86 master's students took NHH's course on economic crime
`With a future job in finance, this course is highly relevant´, says master's student Daniel Botten (25).
At NHH, all students in the master's programme are required to select at least one course designated ethics. This spring, 86 master's students chose the course "Detecting Corporate Crime". It enables them to analyze crime risks within the organization, government and market and recognize when and how to blow the whistle safely on crime.
Master's student Jonas Hasle (25) from Oslo was among the students.
`I thought the course in corporate crime seemed interesting, because we learn how to uncover crime and crime risk within the organization in the business world´, says Hasle.
Associate Professor Gavrilova-Zoutman at the Department of Business Administration is course responsible. She is an expert on how to detect economic crime using big data and detection strategies.
`Economic crime is the most common type of crime and many NHH candidates will go into jobs which require both knowledge and tools in order to be able to detect and investigate this type of crime´, Gavrilova-Zoutman says.
But, she says, the most important thing is their mindset.
`I want them to think independently and depend on their own judgements when they discover violation of law. A critical mindset is crucial. Then they can detect and report financial crime in their own organization´.
High rate of corruption
`How did you become interested in the field of economic crime´?
`There are several reasons. Mainly, I am from Bulgaria, historically a country with a high rate of corruption and economic crime. It is of great concern. This has lead me on to trying to find evidence of these crimes in public datasets´ the researcher says, and adds:
– Searching for evidence is almost like hunting. Finding the evidence is a bit of a rush.
– Why «Detecting Corporate Crime»?
In the auditorium at NHH, the researcher holds her final lecture this semester:
`We are talking about unethical behavior. How does a criminal make a decision to commit a crime, and what type of white-collar crime? Now you have the tools to ask the right questions. You also know how to blow the whistle against your own company, if you must´, says Gavrilova-Zoutman to the master's students.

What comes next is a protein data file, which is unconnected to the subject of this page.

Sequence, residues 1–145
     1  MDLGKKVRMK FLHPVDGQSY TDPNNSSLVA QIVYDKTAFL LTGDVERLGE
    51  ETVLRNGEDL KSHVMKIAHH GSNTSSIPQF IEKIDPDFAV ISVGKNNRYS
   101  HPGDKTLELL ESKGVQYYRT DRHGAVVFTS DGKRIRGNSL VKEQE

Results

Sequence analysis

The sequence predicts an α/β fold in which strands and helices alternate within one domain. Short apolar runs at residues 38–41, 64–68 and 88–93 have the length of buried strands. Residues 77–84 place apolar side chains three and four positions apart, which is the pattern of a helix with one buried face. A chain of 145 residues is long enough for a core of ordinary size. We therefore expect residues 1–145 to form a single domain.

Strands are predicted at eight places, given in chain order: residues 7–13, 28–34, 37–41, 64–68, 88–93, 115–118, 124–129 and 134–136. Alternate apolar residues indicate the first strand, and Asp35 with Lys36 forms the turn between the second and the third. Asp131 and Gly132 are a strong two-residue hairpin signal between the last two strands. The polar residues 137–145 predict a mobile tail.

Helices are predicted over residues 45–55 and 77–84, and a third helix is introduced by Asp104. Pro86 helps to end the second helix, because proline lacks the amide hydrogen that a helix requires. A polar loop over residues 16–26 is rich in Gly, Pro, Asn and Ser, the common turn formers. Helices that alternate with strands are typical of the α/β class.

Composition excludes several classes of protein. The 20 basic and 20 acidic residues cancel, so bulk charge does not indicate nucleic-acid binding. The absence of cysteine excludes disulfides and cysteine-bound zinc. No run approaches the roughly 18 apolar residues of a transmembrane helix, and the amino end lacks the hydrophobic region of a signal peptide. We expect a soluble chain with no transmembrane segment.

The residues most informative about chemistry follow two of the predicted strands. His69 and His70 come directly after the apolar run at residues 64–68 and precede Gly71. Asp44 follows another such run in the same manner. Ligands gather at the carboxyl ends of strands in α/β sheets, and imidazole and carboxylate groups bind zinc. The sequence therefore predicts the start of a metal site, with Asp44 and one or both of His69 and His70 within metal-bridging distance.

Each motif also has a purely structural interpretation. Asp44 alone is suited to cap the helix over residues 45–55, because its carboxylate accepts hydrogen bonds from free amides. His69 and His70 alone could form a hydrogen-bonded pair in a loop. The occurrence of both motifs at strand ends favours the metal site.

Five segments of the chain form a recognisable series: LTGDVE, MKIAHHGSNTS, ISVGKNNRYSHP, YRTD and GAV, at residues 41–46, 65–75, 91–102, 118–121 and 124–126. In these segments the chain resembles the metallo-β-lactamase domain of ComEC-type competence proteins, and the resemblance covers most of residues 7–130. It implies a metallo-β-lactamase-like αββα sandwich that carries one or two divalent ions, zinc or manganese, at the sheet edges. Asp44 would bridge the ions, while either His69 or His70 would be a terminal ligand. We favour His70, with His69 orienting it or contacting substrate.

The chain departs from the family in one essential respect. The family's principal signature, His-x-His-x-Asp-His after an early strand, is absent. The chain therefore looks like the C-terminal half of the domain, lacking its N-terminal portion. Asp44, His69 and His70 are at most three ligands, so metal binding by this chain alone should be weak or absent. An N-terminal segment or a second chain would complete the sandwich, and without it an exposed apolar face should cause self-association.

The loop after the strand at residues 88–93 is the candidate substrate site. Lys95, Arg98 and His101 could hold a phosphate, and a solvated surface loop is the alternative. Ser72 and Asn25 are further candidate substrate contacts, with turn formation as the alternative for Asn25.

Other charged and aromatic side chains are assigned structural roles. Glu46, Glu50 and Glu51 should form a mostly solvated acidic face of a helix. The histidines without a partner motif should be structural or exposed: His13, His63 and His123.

Håkon Bjørhovde (24) from Stavanger, Mathias Gimming (22) from Fredrikstad and Daniel Botten (25) from Sandefjord are students at the «Detecting Corporate Crime». They met at the matriculation in 2018 and have been friends since then. They also live together in Bergen.
`We all specialize in finance and can be exposed to such dilemmas that are discussed in the course, so this is quite relevant´, says Botten.
`The course sounded cool. I thought this was an ethics course that was exciting, also because we use data from the real world´, says Bjørhovde.
Gimming agrees with his fellow students:
`And working with real data makes this exciting and interesting´.
How Norwegian Salmon jumped sanctions
Botten, Hasle, Bjørhovde og Gimming analyzed export data for Norwegian salmon after 2010 for the main assignment in the crime course. By 2010, China had introduced restrictions on Norwegian goods, in response to the Nobel Peace Prize going to the dissident Liu Xiaobo.
Despite sanctions, fresh Norwegian salmon still entered the Chinese market, as NRK Brennpunkt recently showed. The fish was smuggled in via Vietnam.
`Salmon exports to Vietnam have received a lot of attention. We wanted to take a closer look at public trade data that shows the export of salmon to China's other neighbors´, says Håkon Bjørhovde.
As they processed the data, the four master's students came up with figures for Hong Kong.
`Exports to Hong Kong increased in the period 2010-2015, while it fell for China. As exports to Hong Kong increased until 2015, it can be argued that China's soft sanctions were not implemented in Hong Kong. Thus, Hong Kong may have served as a lock for smuggling salmon to China during this period´, says Bjørhovde.
The NHH students' work is in line with previous studies, which have discussed whether there have been alternative routes into China, but this has been challenging to prove and quantify.